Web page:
When Adolf H. Aronson, a native of Sweden, came to the United States as a youth of 18 to seek his adventure, he had no idea that he would eventually become a lighthouse keeper.
When he arrived in the United States, he immediately found work on vessels that traveled the New England coast as well as foreign ports.
When the Spanish-American War broke out, he was on board the schooner
George M. Grant off the coast of West Africa. With calm seas and no wind, it took the vessel 83 days to reach the states and all during that time, no one on board realized the nation was at war.
In March 1869, he joined the U.S. Lighthouse Establishment as a sailor and was assigned to the Hog Island Shoals’ Lightship No. 12 in Narragansett Bay in Bristol Harbor near Portsmouth, Rhode Island. However, the government decided to build a lighthouse at the location.
As Aronson watched the construction of the lighthouse from his duty station on board the lightship, he decided he would apply for a transfer and try his hand at lighthouse keeping. When the Hog Island Shoals Lighthouse was completed, he was appointed as the assistant keeper and two years later was promoted to head keeper of the lighthouse. He remained in that position until April 1, 1908, when he was appointed to the position of head keeper at Pomham Rocks Lighthouse, a much more desirable assignment.
Aronson’s duties were pretty standard at the idyllic Pomham Rocks Lighthouse, which is located on a beautiful island off East Providence, RI. Here, he was able to grow vegetables and care for a flower garden.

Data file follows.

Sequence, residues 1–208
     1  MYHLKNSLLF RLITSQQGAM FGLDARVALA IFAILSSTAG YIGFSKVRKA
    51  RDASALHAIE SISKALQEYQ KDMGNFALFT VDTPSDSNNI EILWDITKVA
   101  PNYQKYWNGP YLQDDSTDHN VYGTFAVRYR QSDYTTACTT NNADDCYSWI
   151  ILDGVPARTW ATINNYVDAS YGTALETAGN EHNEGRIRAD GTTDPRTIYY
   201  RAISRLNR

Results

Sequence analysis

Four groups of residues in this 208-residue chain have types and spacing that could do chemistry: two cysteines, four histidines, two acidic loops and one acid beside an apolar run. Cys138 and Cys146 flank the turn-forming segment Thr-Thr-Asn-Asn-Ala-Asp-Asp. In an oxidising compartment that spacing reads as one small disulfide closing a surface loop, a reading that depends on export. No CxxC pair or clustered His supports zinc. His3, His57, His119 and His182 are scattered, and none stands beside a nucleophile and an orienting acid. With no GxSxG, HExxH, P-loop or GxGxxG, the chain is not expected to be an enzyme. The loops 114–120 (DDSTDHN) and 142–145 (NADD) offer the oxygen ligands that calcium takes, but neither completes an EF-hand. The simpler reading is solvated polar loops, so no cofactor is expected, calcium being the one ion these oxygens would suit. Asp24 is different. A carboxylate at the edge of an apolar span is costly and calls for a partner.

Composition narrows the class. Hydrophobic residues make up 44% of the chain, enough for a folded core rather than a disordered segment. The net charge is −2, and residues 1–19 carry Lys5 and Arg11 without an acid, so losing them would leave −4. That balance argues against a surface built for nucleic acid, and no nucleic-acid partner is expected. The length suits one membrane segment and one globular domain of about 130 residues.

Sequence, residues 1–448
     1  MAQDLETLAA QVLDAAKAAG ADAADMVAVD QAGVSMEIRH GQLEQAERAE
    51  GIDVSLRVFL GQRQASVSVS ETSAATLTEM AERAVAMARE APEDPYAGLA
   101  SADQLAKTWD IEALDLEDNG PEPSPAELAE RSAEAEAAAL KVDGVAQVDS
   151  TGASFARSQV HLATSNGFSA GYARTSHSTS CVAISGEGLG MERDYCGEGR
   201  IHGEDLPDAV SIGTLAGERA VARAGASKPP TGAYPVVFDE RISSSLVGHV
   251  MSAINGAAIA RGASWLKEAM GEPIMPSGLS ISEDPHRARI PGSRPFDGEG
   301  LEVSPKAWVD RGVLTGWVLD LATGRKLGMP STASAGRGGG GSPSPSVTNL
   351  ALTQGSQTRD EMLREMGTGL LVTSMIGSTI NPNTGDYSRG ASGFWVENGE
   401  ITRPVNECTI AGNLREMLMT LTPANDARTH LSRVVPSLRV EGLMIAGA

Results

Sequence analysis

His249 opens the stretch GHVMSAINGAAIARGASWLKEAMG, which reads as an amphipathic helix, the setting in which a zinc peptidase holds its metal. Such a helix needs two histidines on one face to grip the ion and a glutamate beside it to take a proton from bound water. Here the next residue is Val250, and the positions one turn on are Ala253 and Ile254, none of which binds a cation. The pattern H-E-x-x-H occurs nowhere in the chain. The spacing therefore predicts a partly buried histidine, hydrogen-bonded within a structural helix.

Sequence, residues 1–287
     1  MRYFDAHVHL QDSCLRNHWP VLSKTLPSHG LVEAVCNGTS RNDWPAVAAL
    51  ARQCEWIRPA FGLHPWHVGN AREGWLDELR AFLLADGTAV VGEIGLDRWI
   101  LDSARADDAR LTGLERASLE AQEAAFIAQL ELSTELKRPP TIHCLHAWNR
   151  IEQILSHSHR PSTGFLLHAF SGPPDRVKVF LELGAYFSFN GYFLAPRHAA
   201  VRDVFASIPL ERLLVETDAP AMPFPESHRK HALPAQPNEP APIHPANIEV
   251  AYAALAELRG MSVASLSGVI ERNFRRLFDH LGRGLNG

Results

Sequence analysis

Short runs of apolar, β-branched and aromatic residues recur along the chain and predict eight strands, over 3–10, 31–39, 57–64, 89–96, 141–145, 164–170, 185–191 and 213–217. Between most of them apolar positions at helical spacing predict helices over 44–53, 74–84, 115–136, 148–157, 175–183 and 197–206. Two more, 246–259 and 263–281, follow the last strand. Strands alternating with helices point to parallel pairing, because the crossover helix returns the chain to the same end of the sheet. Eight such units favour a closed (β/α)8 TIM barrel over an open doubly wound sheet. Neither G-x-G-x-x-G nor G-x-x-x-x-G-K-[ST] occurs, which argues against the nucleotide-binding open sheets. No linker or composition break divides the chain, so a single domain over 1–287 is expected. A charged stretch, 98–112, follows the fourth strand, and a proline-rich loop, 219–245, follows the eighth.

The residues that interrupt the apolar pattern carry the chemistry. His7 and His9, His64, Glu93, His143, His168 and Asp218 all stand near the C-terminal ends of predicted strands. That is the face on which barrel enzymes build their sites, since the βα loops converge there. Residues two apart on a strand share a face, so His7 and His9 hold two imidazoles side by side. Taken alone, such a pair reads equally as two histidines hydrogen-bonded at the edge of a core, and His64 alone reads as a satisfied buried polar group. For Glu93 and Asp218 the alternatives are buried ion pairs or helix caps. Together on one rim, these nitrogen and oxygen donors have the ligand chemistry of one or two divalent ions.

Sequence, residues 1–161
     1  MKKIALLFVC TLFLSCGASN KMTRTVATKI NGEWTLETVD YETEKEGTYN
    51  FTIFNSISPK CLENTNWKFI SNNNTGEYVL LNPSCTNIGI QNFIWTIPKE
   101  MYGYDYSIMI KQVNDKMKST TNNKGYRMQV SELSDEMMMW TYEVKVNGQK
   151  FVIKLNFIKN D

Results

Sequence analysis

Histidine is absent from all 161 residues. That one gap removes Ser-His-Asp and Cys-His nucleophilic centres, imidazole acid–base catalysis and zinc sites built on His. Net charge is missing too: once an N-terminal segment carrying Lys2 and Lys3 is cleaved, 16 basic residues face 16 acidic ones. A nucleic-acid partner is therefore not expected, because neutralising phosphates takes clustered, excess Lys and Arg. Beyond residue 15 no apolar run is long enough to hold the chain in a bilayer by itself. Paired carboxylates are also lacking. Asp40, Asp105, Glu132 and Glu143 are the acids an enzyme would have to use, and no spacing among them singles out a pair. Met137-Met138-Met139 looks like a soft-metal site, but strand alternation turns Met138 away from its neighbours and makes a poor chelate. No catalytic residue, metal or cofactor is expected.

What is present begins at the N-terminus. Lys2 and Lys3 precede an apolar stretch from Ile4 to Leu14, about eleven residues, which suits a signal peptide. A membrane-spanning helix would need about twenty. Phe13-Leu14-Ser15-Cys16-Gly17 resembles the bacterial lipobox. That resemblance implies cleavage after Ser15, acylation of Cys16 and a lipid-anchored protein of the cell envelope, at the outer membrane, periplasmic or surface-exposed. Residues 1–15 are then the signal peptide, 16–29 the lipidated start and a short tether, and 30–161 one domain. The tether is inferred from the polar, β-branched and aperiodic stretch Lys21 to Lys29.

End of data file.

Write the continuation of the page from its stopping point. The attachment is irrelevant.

Even though life and his duties were calm at Pomham Rocks, Aronson was involved in a couple of rescues at the lighthouse. One time, a person in a canoe capsized and for some reason, thinking the lighthouse was not even in use, never even bothered to shout for help. Aronson saw the man go under several times when he reached him with the station boat and pulled him to safety.
Lighthouse keeper Aronson was also credited with one of the most unusual rescues in lighthouse history when a seaplane carrying two people crashed into the water off the Pomham Rocks Lighthouse. Aronson raced to the plane crash in the station’s power boat and quickly secured a line to the seaplane. Before it could sink, he towed it to shallow water, saving both the plane and its occupants.
He retired in 1937 after serving an amazing 29 years, the longest tenure of any keeper to have served at the Pomham Rocks Lighthouse. Two years after his retirement, while walking home from the store, he suffered a heart attack and died within the site of the lighthouse that he loved so dearly.
This story appeared in the
April 2006 edition of Lighthouse Digest Magazine. The print edition contains more stories than our internet edition, and each story generally contains more photographs - often many more - in the print edition. For subscription information about the print edition, click here.
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